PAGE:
Commentary: The Price of Deployment
KANDAHAR AIR FIELD, Islamic Republic of Afghanistan, Nov. 24, 2008 -- Most young lance corporals live their lives day-by-day, just waiting to see what tomorrow may bring. Most take orders as directed while waiting for the weekend. Being a young lance corporal stationed in Okinawa, Japan, I was the exact same way until I received a knock at my barrack’s room door on the morning of Friday, Oct. 24.
It was my day off and, as I opened the door, the noncommissioned officer on barracks duty told me I had a phone call. I thought it might be a call from one of my friends. But as I picked up the phone, I heard my master sergeant tell me something I will never forget.
“Pack your trash, you’re going to war.”
I didn’t know what to feel. I didn’t know if I was happy, sad or angry.
I knew how dangerous it was in Afghanistan and there was a chance of me not making it back home alive. I knew my job would most likely take me outside the safety of the compound and directly in the line of danger. I knew I might see things that most Americans can only read about in the newspaper or see on television. But I had to regain my composure quickly because I was going to be on a plane to Hawaii four days later to link-up with my new unit for the deployment.
A lot of Marines have been to combat and have felt the joy, excitement and nervousness of deploying, but I knew that in less than two weeks I would be in a combat zone, so I didn’t have time for feelings. I had no choice but to be ready.
It was hard telling my family and friends that I would be going to war, so I just told them not to look at it as a deployment but more like a seven-month camping trip in the mountains.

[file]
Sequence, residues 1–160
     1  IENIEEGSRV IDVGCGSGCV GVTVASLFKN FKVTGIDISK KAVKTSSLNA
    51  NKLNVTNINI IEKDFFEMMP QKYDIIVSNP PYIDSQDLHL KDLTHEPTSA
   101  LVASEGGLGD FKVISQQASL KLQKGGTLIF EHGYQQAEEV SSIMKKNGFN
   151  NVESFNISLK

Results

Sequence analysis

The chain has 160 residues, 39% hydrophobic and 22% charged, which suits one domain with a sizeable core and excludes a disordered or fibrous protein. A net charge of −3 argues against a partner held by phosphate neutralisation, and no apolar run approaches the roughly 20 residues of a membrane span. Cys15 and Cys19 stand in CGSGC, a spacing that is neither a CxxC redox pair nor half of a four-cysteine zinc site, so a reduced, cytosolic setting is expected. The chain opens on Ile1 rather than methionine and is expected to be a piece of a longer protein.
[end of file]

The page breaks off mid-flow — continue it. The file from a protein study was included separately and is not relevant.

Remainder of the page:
As I touched down in Hawaii on Tuesday, Oct. 28, I was more anxious than I had ever been in my life. I was very confused, but I was lucky enough to be deploying with a great master sergeant and second lieutenant, so I knew I was in good hands.
While at Marine Corps Base Kaneohe Bay, Hawaii, I was in a mad rush to ensure my gear was ready and I had everything I needed to get me through the next seven months.
We were scheduled to leave Hawaii exactly one week and five days after I found out I was deploying.
The day we departed on our 30-hour trek around the world I was calmer than I had ever been, but my training and determination overcame my fear.
Now, I am at Kandahar Air Base in the Islamic Republic of Afghanistan. I have survived my first rocket attack and have finally become accustomed to the dry, barren, dusty terrain. I can finally look into the mountains and see their true beauty. But more important than the terrain and surviving insurgent attacks, I can finally see the true price for a Marine deploying to a combat operation:
- Size 13 combat boots - $70-$250.
- 100 pounds of Operation Enduring Freedom field gear – issued.
- Pre-deployment gear checks - countless.
- The chance to fight for such a great country with the best service members the world has to offer – priceless.
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